Social Capital Theory

As defined in Phillips and Pittman's book (2009), "Social capital is that set of resources intrinsic to social relations and includes trust, norms, and networks. It is often correlated with confidence in public institutions, civic engagement, self-reliant economic development, and overall community well-being and happiness." Application Networks of people share their assets (money, tangible goods or information) to improve the position of the people within the group. Often can be seen as exclusive; instead of benefiting the whole it only benefits the few within society. Adaptation Social capital can be inclusive for the benefit of everyone within a community. For example, communities can promote healthy living by growing their own fruits and vegetables and sharing, exchanging or selling them at a low cost. In urban areas, groups can start local sport groups or exercise groups, such as walking or running on a daily basis.

1 comment:

  1. Apply: social capital building can be useful to community development both in its bonding form and in its bridging form. building bonding social capital is useful in communities in which networks of communication and trust have been damaged. encouraging bridging social capital can help communities reach out across their borders to create larger collaborations.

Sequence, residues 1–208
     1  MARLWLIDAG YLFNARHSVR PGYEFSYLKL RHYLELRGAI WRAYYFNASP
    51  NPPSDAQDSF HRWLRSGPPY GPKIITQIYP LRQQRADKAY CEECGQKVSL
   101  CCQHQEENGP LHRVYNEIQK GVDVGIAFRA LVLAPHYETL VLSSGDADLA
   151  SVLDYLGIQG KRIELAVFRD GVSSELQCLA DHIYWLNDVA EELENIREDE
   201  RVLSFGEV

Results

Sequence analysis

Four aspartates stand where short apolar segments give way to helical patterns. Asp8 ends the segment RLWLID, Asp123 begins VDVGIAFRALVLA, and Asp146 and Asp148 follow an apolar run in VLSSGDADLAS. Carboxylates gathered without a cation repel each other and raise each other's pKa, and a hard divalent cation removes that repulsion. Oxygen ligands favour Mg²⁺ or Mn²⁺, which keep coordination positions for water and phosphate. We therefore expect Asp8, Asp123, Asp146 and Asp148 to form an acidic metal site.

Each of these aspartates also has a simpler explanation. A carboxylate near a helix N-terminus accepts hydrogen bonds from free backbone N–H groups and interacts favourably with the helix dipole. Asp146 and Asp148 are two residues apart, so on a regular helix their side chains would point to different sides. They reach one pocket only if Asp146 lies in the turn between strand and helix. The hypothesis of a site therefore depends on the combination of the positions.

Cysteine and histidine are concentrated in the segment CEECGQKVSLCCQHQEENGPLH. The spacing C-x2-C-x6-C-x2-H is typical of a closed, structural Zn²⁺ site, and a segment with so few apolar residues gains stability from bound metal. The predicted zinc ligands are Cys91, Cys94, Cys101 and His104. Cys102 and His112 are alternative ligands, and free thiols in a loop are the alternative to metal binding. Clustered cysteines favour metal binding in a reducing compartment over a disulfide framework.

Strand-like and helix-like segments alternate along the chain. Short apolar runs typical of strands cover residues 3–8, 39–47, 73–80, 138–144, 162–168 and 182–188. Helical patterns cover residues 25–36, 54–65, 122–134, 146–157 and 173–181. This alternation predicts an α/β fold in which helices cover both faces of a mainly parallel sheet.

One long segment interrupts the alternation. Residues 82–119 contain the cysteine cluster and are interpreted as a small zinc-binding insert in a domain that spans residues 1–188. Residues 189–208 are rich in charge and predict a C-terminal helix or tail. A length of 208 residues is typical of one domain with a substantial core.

Adapt: social capital in the sense of building social capital is indispensable to community development. however, active destruction of social capital can also be encountered, especially in totalitarian regimes, like communism in eastern europe. driving wedges between people by spying, surveillance, and fear effectively destroys social networks and breeds mistrust between people, making them more easy to control.